Ivy in Bloom: The Poetry of Spring from Great Poets and Writers from the Past - Vanita Oelschlager, Kristin Blackwood

Desciption (Goodreads):

 

Ivy in Bloom captures the weariness of a young girl tired of a long winter. "I stare out the window," she says on the first spread of brown and gray, "looking for birds or flowers / or even warm showers / but I don't see any such thing." But then Spring comes when "March is out of breath snow melting to flowery waters and watery flowers spring rose from its wintry rest." And Ivy's "heart dances with daffodils." As these words also dance across each spread, Ivy's world erupts into a riot of color. 

 

Ivy in Bloom introduces the poetry of Dickinson, Longfellow, Browning, Wordsworth, Frost and others. Excerpts from their writings, as seen through Ivy's eyes, will open up poetry as a way for children to express their own feelings about the changing of seasons. This book includes longer excerpts and brief bios of each author. 

 

My thoughts:

 

This is a cute book, but i have issues with it. The illustrations are nice and colorful. We see a little girl experiencing a cold, snowy winter. Like so many other children who live in areas with winters like this, it is a time a where you are either bundled up or staring out the window hoping for sunshine.

 

In Ohio, where I live, I remember the cold winters and now watch my children experience this every year. This book brought back memories of my childhood. My sister and I would get bundled up to out and play. It would take quite some time to put on all layers it took to please my mother. When we finally breached the doors and made to the outside, we wouldn't last long. Twenty minutes top and we were back in our house, layers off and hanging over top of the wood burner waiting to dry while we sucked down hot chocolate. As soon as we were warm, and the clothes were dry, back out the door we went for another round of freezing our rumps off. Rinse and repeat. :)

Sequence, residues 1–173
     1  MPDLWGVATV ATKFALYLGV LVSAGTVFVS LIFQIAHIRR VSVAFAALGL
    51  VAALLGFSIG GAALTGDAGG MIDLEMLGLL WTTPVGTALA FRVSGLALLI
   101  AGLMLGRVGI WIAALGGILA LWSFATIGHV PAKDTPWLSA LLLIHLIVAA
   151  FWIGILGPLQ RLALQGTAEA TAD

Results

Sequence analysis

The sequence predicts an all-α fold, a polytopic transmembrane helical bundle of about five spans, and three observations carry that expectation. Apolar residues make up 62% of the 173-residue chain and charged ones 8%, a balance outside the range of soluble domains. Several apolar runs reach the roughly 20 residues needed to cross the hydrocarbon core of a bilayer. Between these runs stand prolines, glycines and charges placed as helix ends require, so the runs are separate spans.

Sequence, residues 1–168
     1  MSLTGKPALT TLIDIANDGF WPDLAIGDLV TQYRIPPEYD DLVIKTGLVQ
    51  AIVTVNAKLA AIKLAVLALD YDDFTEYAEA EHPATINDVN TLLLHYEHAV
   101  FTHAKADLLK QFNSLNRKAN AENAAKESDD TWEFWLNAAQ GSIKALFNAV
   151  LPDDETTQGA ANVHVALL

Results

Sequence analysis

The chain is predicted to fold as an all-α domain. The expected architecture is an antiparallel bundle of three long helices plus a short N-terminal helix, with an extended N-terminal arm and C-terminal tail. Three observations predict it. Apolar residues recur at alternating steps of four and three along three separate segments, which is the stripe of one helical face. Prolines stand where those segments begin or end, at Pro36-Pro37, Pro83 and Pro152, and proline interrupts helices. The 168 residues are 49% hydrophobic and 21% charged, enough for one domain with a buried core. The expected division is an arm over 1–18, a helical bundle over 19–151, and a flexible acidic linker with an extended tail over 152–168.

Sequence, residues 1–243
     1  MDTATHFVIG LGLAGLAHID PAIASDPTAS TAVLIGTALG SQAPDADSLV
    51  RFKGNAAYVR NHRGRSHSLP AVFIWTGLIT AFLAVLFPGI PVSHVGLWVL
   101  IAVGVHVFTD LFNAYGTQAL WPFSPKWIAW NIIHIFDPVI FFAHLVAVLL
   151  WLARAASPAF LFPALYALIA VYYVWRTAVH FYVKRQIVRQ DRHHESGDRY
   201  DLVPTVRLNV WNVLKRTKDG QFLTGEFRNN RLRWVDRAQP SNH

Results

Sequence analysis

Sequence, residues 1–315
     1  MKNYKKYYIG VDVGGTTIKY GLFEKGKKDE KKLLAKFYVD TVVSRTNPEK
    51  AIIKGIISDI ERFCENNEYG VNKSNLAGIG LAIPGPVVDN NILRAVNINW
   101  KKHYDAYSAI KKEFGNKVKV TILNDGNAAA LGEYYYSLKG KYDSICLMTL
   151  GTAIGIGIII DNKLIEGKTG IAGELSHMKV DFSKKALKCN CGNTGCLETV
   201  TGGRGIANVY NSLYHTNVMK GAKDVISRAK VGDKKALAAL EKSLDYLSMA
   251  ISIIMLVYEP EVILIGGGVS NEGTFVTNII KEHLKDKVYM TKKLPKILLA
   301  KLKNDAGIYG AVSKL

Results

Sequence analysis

This is a cute book. It is a poem, or more group of poems, illustrated to tell a story. I do feel that some of the words are a bit advanced for the the younger part of the "5 and up" age recommendations. On the other hand, I feel the story is too short for readers over the age of nine, maybe even younger. There was an instance where a passage stopped mid sentence and continued on the next page. This could cause confusion to early readers who are just beginning to learn proper sentence structure and punctuation. My seven year old, who is an advanced reader for his age, liked this, but I had to explain the writing style to him. I do really like the illustrations. 

 

Recommendation:

 

This is not a bad book. This is a book that I would read WITH my younger reader to help avoid confusion over proper grammar and punctuation.

 

 

 

I recieved this book from Netgalley in exchange for an honest review.